The sound of the audience breathing must be exhilarating for a theatre director, especially when he’s staging a play that Hitchcock had adapted in film. Kalasmriti productions won that rewarding sound of silence at the India International Centre in New Delhi last week, while staging an adaptation of Patrick Hamilton’s 1929 play, “The Rope”.

Alfred Hitchcock had adapted it into a film named “The Room” in 1948. The plot is centred on the murder of a youth by two of his friends; their motive simply to feel more alive. Adapted to an affluent Delhi setting — familiar to the IIC crowd — the play captivated the audience with its splendid portrayal of bored young men, their arrogant murder, and their abysmal descent into a web of lies to insulate themselves from their senseless sin.

Eishaan (Farhad Colabavala) and Rohit Sharma (Zain Khan), two public school mates, murder a former schoolmate Sumit Ghosh (Nakul Dev) by strangling him at their farmhouse. With surplus wealth and all the right connections, the boys suffer a void of struggle, of passion and the intangible joys borne from daily tribulations they are insulated from. In a quest to fill this emptiness, they audaciously murder Ghosh, just before a party which has Ghosh’s mother and other school friends on the guest list.

Eishaan is the cold-blooded killer, his gait reflecting arrogance and sinister confidence. His remorseless and intense gaze mocks at the hall full of witnesses. Even as his accomplice Rohit shivers with guilt and loses his diction to fear, Eishaan carries through the farce, serving his guests beer and Punjabi food atop a chest that contains the corpse of Ghosh.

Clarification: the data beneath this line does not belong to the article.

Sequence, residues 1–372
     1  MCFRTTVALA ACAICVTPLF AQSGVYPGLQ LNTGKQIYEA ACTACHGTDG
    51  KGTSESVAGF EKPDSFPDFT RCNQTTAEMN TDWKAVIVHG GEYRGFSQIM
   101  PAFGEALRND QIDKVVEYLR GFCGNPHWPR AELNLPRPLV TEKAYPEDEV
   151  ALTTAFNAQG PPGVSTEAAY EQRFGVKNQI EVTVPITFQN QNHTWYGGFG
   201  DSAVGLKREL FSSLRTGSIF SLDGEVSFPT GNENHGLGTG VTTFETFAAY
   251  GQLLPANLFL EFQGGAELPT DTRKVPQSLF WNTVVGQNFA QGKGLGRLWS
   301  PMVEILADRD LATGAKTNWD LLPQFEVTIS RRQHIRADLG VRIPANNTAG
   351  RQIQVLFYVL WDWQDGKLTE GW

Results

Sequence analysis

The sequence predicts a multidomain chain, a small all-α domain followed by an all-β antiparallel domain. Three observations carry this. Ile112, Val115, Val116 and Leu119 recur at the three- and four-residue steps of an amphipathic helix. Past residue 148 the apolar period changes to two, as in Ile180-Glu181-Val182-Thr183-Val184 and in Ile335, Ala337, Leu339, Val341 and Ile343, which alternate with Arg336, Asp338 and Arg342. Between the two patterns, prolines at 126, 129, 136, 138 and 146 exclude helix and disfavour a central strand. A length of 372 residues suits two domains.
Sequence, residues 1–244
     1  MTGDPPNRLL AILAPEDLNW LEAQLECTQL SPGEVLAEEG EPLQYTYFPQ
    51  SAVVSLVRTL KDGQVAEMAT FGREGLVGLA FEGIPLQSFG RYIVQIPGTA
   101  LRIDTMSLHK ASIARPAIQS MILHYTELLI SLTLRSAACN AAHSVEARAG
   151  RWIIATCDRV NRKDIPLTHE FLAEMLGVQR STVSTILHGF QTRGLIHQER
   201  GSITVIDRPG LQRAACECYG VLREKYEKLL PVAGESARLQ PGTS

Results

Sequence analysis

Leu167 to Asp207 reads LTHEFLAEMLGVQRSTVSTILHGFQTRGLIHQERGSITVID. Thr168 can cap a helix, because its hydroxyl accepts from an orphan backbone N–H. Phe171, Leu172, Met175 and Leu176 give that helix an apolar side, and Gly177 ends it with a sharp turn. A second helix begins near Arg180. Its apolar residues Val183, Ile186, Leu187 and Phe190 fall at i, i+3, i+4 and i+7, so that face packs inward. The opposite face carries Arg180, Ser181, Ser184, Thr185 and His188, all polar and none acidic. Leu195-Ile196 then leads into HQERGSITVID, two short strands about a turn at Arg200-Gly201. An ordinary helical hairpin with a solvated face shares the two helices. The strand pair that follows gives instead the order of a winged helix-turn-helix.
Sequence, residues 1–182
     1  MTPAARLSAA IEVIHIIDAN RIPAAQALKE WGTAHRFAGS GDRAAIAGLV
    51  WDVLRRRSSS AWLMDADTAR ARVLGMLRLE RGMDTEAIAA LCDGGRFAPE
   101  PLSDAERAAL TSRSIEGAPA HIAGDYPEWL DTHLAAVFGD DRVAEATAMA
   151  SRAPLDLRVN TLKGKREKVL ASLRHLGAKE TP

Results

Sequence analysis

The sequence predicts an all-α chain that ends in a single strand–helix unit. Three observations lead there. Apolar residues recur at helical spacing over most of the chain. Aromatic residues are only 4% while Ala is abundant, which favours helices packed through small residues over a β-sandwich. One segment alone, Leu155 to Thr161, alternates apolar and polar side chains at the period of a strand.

Together both actors gave a stellar performance, uncontrived and aesthetically minimal.

A side plot features the encounter between Ghosh’s romantic interest Laila Anwar (Panchali Dutta) and her old flame Varun, played by producer Arjun Khera. The childish attempts of Varun to woo back Laila, egged on by the killers of his competition, are only made more surreal by U2’s “With or Without you” playing in the background, as the couple clumsily waltzes around Sumit’s concealed body.

The murder is finally unravelled by Geetanjali Bhagat (Anasuya Aggarwal), a former teacher of the boys who now makes a living off writing psychological thrillers. The murderers confess to her that it was her novels that inspired them. “Every act of murder has the power of a creative act,” she says. She is forced to eat her words later when her rationale of humans deriving pleasure and superiority from destroying another is thrown back at her.

The director uses an interesting device during the dialogue of Eishaan and Geetanjali, even as Sharma tries to strangulate her. The scene freezes midway for Geetanjali to play her role as a narrator. She then falls back under the tightening noose, before the curtains fall. The device is similar to that used by Sashi Kumar in his 2004 film “Kaya Taran”– of preventing the audience from make-believing that they have experienced the pain of the victim. It also allows for contemplation before the curtains fall.

Director Vikramjeet Sinha pulled off a perfect 10, with grounded direction, sensible and deft handling of the lights by Manjari Kaul, and ideal background sound by Nakul Bhatnagar.